Based on the outcomes of the materiality assessment, we identified four key pillars focused on Samsonite’s products, carbon footprint, supply chain and people. One key learning ;from the materiality assessment was that when people thought about sustainability, they often defined it in the context of the environment. As a result, we realized we had to include a brief overview of the issues that fall under the umbrella of ESG so people would evaluate the business across a broader range of initiatives.
We further identified two action platforms within each pillar that would allow the company to set goals and to communicate our progress.
For example, one pillar focuses on product innovation because Samsonite’s ambition is to lighten the journey of its customers by creating the best products using the most sustainable and innovative materials, methods and models.
Within that pillar, we have an action platform that focuses specifically on materials innovation to drive continuous improvement toward developing new, more sustainable materials and increasing the use of more sustainable materials in Samsonite products and packaging. The other action platform targets the product lifecycle and underscores the company’s efforts to continue to make products that are built to last, repairable and, eventually, recyclable.
Goals that are specific, yet ambitious
The next step was to articulate specific goals and, ultimately, we identified nine global goals with targets set for 2025 and 2030.
One of Samsonite’s goals is to achieve carbon neutrality across its owned and operated facilities by 2030. Recognizing that the company’s impact extends beyond its own facilities, we also set a goal to estimate, track and support actions to reduce Scope 3 emissions — those emissions tied to Samonite’s business but outside our control.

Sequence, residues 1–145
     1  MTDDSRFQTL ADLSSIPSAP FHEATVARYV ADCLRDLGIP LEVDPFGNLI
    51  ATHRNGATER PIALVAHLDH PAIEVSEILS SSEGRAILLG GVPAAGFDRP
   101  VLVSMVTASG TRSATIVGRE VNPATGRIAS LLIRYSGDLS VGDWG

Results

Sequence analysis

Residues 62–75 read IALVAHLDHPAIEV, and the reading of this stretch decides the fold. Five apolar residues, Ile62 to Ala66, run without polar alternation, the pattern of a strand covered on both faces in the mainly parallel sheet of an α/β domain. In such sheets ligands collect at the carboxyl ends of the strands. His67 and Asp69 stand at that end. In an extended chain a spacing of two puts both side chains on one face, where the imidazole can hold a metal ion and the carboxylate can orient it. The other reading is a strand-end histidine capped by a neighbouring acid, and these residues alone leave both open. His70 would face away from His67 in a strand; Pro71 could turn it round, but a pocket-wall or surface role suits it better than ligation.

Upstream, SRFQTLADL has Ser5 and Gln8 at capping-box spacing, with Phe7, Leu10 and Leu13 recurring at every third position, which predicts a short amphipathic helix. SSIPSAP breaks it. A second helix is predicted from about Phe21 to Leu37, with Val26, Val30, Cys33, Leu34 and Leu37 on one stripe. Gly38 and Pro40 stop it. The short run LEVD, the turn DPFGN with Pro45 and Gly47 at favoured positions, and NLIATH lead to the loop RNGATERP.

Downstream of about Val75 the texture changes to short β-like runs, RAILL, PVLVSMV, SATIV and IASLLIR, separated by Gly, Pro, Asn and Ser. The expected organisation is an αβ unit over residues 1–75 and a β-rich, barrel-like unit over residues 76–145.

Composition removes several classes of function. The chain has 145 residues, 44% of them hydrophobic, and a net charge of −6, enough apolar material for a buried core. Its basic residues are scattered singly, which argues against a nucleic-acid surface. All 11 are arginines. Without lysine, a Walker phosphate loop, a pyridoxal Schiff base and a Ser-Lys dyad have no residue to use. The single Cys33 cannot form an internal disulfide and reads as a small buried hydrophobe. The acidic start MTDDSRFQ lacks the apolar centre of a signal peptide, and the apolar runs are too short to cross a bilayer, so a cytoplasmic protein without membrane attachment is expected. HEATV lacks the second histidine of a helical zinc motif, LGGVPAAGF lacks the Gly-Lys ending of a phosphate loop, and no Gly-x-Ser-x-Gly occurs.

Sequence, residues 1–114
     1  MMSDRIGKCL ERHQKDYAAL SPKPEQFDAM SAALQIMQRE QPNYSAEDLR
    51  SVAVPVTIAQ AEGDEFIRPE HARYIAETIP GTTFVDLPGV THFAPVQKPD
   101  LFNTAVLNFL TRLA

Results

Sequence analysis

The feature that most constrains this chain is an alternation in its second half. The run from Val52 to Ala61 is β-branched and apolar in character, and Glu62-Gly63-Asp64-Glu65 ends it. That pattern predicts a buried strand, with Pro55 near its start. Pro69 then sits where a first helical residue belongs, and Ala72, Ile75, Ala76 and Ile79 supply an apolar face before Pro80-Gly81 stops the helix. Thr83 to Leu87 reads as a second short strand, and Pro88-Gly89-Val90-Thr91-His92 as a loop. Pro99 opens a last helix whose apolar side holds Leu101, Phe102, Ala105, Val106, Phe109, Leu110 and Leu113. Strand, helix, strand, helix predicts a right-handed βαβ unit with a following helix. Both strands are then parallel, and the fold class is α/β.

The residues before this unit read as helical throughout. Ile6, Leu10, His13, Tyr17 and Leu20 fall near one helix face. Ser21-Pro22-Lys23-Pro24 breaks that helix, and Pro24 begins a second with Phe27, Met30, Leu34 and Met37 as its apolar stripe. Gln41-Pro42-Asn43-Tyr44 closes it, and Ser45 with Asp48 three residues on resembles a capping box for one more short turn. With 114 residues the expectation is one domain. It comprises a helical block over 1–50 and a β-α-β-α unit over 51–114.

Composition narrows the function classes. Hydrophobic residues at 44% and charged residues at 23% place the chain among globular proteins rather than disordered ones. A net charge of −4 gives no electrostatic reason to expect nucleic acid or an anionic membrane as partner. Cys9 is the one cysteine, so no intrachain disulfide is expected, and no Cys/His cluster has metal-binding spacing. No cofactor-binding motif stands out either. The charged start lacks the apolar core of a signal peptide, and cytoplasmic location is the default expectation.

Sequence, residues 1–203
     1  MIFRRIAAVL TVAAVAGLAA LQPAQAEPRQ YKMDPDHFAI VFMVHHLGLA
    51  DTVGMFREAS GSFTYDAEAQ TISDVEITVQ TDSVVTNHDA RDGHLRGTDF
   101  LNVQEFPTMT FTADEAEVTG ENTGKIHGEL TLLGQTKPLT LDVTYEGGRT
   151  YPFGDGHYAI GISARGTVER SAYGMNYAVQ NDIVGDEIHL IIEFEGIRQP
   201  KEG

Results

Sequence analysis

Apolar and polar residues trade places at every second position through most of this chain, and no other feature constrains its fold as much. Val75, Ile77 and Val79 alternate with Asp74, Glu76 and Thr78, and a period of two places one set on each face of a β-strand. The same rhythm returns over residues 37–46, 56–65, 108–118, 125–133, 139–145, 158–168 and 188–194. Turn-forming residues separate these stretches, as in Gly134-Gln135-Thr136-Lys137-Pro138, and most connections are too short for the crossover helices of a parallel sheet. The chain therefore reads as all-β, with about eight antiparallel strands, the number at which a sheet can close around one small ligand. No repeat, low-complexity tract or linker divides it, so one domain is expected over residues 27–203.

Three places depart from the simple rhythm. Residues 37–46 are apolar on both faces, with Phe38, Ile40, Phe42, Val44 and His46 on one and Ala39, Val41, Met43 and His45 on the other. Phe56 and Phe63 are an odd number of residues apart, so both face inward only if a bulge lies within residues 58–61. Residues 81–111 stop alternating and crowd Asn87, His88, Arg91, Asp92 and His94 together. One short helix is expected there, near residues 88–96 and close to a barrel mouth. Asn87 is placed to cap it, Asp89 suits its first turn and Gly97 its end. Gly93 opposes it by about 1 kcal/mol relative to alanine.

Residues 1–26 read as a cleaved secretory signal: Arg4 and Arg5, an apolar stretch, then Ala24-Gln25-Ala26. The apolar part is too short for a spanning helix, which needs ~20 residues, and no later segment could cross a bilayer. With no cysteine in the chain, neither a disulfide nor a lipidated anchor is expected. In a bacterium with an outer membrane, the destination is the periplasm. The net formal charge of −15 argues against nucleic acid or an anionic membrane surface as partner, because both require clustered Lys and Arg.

Our CEO and the Samsonite leadership team wholeheartedly supported the initiative and even encouraged us to up-level some key goals in order to truly lead the industry in sustainability. One of our original goals focused on developing a recyclable suitcase. The feedback was that this was too narrow in its scope.
The final goal is more aspirational and states that the company will continue to develop innovative solutions to ensure the durability of its products, extend the life of products and develop viable end-of-life solutions to divert as many of its products from the landfill for as long as possible. The directive was to expand the company’s ambition and further incentivize continuous innovation. The resulting set of goals better reflect Samsonite’s vision and its ambition.
Complementing this effort, we needed to establish a global carbon footprint across 1,500 retail, office, manufacturing and distribution facilities worldwide. Partnering with Industrial Economics (IEc), an environmental consulting firm, we collaborated with cross-functional leads worldwide. Specifically, we worked with individuals responsible for the equipment and operations at our owned and operated manufacturing and distribution centers; representatives from our IT and HR departments who source office equipment and train employees on energy-efficient behaviors; and employees from our retail and development teams who make decisions about lighting and real estate. We also worked with global finance teams to collect hundreds of utility bills to ensure an accurate and representative sample size. From all this data, we established a baseline using 2017 data.
An extended dialogue